I firmly believe that the right people, processes, and platforms together can accelerate a company’s growth and lead to ongoing innovation. I’m also fascinated by the wild card in the deck: people.

As I blogged recently, bright, courageous people are behind all business transformations – people like General Motors CEO Mary Barra, who has the difficult yet remarkable job of leading a 109-year-old brand into the age of autonomous vehicles and ride sharing; or Reed Hastings, who has transformed Netflix from a movie-rental service to a powerful content creator.

But to achieve great things, leaders at all levels of the organization must overcome distinctly human obstacles, such as other people who feel threatened by change, which is why people are the wild card. You cannot manage people like you can a process or a platform, and a person’s essential humanity makes change both possible and sometimes difficult.

One of the traits that people need to come to grips with is fear. In his report The Digital Change Agent’s Manifesto, Brian Solis discusses fear as one of the principal factors that can hold back a company’s change agents from flourishing. Solis writes,

Some reluctant change agents are either too scared to rock the boat or don’t feel it’s their place to bring forth bold ideas. In fact, the fear that they will fail to rally support for their ideas often keeps them from even trying. But change agents must take confidence in their digital expertise and learn to speak with authority.

At Moonshot, we work with change agents all the time. And I can attest to what Brian Solis says. I definitely encounter people who fear change – change that comes with leading your company into creating voice-based products, experimenting with immersive reality, or adopting artificial intelligence. After all, we’re talking about risk as well as reward.

My colleague Jose Martinez recently discussed in Forbes the importance of change agents embracing that fear. “You should feel a little fear,” Jose wrote. “Fear means that you’re exploring something new, pushing boundaries and unlocking potentially new ways to fuel your business growth. Fear is your affirmation.”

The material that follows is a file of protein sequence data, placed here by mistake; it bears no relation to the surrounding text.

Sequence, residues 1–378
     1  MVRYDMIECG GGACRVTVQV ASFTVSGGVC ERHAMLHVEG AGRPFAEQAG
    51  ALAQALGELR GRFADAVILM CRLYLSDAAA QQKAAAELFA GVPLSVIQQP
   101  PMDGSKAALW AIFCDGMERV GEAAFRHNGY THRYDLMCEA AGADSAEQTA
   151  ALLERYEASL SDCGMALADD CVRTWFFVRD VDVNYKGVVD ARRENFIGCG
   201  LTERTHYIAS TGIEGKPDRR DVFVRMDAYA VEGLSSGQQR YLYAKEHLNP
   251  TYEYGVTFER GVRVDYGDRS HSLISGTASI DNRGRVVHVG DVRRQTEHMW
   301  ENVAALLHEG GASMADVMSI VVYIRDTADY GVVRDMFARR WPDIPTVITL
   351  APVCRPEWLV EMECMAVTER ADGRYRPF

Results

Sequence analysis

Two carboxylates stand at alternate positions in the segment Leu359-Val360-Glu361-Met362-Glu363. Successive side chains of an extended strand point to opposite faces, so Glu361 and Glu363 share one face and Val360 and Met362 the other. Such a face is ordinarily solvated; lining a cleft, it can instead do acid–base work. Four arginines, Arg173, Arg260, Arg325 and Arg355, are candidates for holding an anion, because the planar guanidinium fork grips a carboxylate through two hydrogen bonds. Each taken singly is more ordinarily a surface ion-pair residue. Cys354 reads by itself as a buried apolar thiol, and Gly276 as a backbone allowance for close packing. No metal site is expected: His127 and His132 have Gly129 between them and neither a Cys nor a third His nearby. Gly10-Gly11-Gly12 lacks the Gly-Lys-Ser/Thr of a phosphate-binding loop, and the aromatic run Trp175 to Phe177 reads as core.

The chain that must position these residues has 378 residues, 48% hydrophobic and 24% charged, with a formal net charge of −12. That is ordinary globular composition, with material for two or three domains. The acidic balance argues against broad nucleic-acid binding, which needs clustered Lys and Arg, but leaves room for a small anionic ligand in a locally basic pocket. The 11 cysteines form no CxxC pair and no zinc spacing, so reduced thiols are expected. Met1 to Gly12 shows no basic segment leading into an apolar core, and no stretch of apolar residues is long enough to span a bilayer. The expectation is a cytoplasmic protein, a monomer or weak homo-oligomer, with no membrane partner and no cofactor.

Jose goes on to discuss how a change agent can embrace fear by defining a fact-based strategy for change (because fear feeds off a knowledge vacuum); always learning; and employing a repeatable process such as the design sprint to increase certainty of success when you apply new ideas.

For example, a design sprint gives a team of change agents a tool for quickly testing and learning new ideas vetted against customer feedback. The outcome of a design sprint is a prototype that the company further develops into a real product. The design sprint is not only a useful process for developing a lovable product, but it also helps a team manage fear by increasing certainty and building confidence through testing.

I agree with Jose. Fear is your affirmation. And you can manage that fear in number of different ways, too. In addition to what Jose wrote, I’d also cite tools – tools that help people monitor their progress when they undertake a change effort, and tools that empower people to identify and manage stumbling blocks to change such as fear.

For example, at Moonshot we use a tool called the Continuous Velocity Team Maturity Dashboard to help change agents monitor the progress of a change effort. This tool monitors a team’s progress in adopting the new ways of working associated with a transformational initiative, such as customer centricity, prioritization, measurement, and culture. Leadership as well as individual contributors help create the dashboard  to provide an honest assessment of the team feels about the change effort.

The dashboard gives Moonshot and our clients a common ground as we meet weekly to assess how things are going. And I cannot emphasize enough the importance of scheduled check-ins. They give a team leader a chance to flag any concerns and fears privately and in a judgment-free zone. From there, the change agent can make a course correction.

The dashboard provides one other important antidote to fear: knowledge. As Jose pointed out, a fact-based strategy is one way to embrace fear of new technologies such as augmented reality and virtual reality. A dashboard then keeps a digital change agent informed during implementation of the strategy.

Fear is natural. Fear is what makes us human. Both self-awareness and knowledge are the antidotes. To learn more about how to manage change with new technologies and experiences, contact Moonshot.

Mike Edmonds

Mike Edmonds

Managing Director, VP Product